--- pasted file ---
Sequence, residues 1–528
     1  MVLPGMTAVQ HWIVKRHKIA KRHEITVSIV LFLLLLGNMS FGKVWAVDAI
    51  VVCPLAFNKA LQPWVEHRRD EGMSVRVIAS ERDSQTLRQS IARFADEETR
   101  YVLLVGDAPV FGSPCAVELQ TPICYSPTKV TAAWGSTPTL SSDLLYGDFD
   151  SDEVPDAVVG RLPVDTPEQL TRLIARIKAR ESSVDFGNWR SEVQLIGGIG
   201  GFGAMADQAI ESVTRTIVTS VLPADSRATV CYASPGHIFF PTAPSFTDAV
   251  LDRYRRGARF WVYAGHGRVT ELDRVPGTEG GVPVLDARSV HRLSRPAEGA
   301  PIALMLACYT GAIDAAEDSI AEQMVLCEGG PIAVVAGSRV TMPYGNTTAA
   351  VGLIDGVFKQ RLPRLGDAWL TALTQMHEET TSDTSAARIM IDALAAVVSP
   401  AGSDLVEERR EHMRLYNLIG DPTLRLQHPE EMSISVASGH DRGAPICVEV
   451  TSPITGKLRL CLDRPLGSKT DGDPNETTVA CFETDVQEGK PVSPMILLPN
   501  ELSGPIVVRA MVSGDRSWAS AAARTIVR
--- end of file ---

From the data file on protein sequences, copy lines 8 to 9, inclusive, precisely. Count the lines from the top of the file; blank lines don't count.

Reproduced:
   301  PIALMLACYT GAIDAAEDSI AEQMVLCEGG PIAVVAGSRV TMPYGNTTAA
   351  VGLIDGVFKQ RLPRLGDAWL TALTQMHEET TSDTSAARIM IDALAAVVSP